EVs are Slipping into the Mainstream

EVs are Slipping into the Mainstream

What many people are waiting for is a quality, affordable electric vehicle (EV). As of April this year, most of the EV models on the market were on the luxury end of the spectrum and cost an average of $61,000, which exceeds the average price of a regular vehicle by a hefty $12,000. This kind of consideration discourages lots of consumers from going electric.

Appearances can be deceptive, though, because a 2020 study found that EV owners end up saving between $6,000 and $ 10,000 over the lifespans of their vehicles, as compared with drivers of regular cars. This takes into account, for instance, savings on fuel, repairs, and maintenance over that time period. (Maintaining an EV is cheaper for the reason that they have fewer moving parts than traditional vehicles.)In the years since that study, many cheaper EVs have entered the market and lots of traditional cars have gotten less affordable, which makes the EV cost picture look rosier still.

“Battery electric vehicles tend to come out ahead of [internal combustion engine] vehicles, on average”, says Debapriya Chakraborty of the Electric Vehicle Research Centre, referring to the issue of costs. This can actually depend on local prices of gasoline and electricity, and also the range of the vehicle in question. EVs with longer ranges have larger batteries, which is the priciest part of the machine, so an EV with a 400-mile range would probably still end up more expensive than an electric option at this point in time. By contrast, a 200-mile EV is considered very competitive in terms of overall costs.

Aside from the broader cost picture, there is good reason to believe that EVs are on their way to becoming a much more affordable, mass-market sort of product. On their March 1st investor day, Tesla said they’re now able to cut production costs by half, using more efficient factories and improved battery technology. Consumers are therefore anticipating next year’s Tesla model to set them back only $25,000 to $30,000, which beats the average cost of a new car, (at $48,763) by quite a lot.

If you have plans for CFD online trading in Tesla shares, or if you’re simply interested in EVs, join us now for a discussion of the advancements in EV manufacturing and what they might mean for consumers, not to mention the earth’s environment, going ahead.

Going Electric

Last year in August, US President Joe Biden signed the Inflation Reduction Act, which encouraged people to go electric by offering up to $7,500 in tax credits to EV buyers until the year 2032. And then, in April 2023, he gave another boost to the EV market by putting forward new, strict rules on the gas emissions allowed from US vehicles. Biden wants the carbon dioxide blown from American cars to be cut down by as much 56% in less than ten years.

His concerns are not unfounded because America’s biggest source of atmospheric pollution comes from transportation, which made up 28% of the total gases it expelled in 2021. Environmental worries are important from a market perspective because 35% of US respondents in a recent survey listed them as key in their decisions on which car to buy.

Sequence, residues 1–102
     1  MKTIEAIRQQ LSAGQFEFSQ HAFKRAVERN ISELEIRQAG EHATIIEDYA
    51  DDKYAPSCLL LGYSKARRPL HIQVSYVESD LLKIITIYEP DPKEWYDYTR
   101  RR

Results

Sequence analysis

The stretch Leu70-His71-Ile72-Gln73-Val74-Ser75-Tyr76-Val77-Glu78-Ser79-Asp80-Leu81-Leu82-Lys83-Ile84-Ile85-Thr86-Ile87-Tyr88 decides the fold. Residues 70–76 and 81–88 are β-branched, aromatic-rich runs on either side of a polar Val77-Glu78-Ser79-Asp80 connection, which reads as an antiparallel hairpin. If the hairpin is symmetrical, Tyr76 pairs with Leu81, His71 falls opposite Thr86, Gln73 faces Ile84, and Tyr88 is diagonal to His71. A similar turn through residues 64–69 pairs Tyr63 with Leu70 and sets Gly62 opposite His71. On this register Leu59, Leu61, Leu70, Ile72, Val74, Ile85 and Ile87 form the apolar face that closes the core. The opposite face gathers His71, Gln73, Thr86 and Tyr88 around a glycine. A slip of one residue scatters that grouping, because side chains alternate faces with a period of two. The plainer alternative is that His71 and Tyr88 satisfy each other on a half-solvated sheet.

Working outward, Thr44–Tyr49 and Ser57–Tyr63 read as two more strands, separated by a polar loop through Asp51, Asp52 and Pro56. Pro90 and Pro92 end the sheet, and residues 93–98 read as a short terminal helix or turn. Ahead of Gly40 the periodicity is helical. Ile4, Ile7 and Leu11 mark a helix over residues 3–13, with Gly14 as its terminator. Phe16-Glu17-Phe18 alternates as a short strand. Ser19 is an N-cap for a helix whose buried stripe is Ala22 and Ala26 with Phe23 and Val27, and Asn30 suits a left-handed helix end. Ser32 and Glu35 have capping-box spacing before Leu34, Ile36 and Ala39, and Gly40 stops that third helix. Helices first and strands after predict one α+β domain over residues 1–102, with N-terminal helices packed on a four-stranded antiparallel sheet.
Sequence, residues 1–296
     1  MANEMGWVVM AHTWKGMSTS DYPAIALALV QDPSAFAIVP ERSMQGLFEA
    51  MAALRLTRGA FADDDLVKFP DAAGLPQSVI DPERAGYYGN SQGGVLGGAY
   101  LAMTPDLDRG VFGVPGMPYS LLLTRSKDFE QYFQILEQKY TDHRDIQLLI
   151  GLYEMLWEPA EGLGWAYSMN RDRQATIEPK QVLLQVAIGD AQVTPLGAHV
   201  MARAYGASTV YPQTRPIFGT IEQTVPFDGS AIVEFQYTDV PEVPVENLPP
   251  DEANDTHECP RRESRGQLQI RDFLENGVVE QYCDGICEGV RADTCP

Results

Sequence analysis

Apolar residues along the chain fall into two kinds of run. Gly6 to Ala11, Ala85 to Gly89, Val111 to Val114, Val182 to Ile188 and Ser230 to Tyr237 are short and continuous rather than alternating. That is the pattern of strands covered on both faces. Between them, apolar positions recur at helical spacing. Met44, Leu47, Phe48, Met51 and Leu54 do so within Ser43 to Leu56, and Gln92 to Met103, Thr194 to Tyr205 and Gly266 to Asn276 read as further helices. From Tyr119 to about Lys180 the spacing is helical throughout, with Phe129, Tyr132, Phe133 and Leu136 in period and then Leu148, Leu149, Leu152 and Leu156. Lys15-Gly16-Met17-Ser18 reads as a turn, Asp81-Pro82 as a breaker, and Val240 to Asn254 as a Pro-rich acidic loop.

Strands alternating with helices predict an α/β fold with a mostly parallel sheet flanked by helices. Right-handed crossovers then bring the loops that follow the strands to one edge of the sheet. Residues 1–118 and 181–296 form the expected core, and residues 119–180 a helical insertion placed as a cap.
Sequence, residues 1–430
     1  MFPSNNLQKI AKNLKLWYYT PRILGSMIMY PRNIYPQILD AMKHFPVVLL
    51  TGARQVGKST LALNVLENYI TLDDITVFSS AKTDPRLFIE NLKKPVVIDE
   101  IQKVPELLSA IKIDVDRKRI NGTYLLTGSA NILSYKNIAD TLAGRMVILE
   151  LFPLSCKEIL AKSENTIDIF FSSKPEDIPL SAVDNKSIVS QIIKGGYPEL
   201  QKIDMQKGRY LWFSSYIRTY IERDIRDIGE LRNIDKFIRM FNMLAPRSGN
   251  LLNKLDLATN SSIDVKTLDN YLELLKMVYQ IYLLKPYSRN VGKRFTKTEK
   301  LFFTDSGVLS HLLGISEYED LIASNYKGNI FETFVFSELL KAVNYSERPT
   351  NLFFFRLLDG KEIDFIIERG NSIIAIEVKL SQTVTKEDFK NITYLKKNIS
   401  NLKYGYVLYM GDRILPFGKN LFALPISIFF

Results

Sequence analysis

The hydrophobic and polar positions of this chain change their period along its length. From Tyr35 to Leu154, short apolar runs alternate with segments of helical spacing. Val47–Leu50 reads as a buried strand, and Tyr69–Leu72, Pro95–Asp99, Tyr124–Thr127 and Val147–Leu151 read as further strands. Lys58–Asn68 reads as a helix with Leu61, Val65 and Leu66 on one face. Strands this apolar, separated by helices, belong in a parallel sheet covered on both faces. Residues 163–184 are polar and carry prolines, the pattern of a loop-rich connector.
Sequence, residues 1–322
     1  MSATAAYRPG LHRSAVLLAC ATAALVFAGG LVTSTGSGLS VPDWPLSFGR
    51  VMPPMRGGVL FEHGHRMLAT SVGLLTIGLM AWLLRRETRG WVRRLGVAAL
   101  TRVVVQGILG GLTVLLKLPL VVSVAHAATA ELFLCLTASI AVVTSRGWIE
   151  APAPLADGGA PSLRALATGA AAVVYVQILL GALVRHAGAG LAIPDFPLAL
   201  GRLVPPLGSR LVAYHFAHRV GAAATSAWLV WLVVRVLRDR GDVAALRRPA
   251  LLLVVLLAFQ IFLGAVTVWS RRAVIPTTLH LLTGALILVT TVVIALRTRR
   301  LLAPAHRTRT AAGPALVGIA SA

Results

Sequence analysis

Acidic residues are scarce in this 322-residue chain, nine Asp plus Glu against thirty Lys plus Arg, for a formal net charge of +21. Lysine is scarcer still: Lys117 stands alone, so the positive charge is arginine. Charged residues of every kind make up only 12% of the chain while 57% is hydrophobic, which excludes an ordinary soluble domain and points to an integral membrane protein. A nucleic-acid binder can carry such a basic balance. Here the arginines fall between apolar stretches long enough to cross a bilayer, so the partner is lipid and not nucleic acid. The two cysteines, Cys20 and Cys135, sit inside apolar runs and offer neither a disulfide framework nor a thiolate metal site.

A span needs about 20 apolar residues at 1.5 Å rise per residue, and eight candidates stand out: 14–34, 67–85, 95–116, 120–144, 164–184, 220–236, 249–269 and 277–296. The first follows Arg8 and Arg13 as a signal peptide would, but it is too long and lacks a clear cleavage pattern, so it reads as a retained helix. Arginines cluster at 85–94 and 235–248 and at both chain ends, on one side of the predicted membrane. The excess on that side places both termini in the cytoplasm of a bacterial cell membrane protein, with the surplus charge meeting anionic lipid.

What’s Available

For this year, Tesla’s Model 3, which has a range of 272-315 miles on a single charge, comes in at a minimum of $40,240. This vehicle seats five and boasts high-level handling capabilities. Paying up to $53,240 can get you special features like superior brakes and a dual-motor system with 506 horsepower. Larger and pricier than this is the Model Y, which can seat seven and comes with options for 20-inch wheels, a white interior, and Advanced Autopilot. To get one of these, you’ll have to pay between $47,409 and $54,490. Tesla EVs may be worth their higher price tags because they rate well in terms of safety criteria.

An electric Chevrolet Bolt starts as low as $26,500, while a Nissan Leaf is good value for money at only $28,040. As prices steepen, we see the MINI Hardtop at $30,900 and Hyundai’s Kona Electric at $33,550. With respect to next year’s lower-cost options, Fisker’s PEAR SUV will cost about $29,900 and Volkswagen’s ID.2, destined for Europe, will come in at lower than 25,000 euros. Chevrolet’s electric Equinox, which could be available by this fall, will be tagged at less than $30,000 too. The market for electric compact sedans is generally on a rising trend.

Motoring Ahead

One of the ways EV makers plan to draw in more consumer cash while offering more basic vehicles (which are considered less powerful moneymakers than luxury models) is by expanding the list of optional extras. Examples include leather seats, better batteries, and high-quality stereos.

On the immediate horizon, “Everybody is watching to see where Tesla heads”, says Dan Ives of Wedbush. “That’s going to dictate pricing and competition in the market”. You can engage in online trading in Tesla share prices, whether you think they’re on the rise or on the dip, from the exclusive iFOREX trading app, which keeps you on the cutting edge of CFD financial trading.

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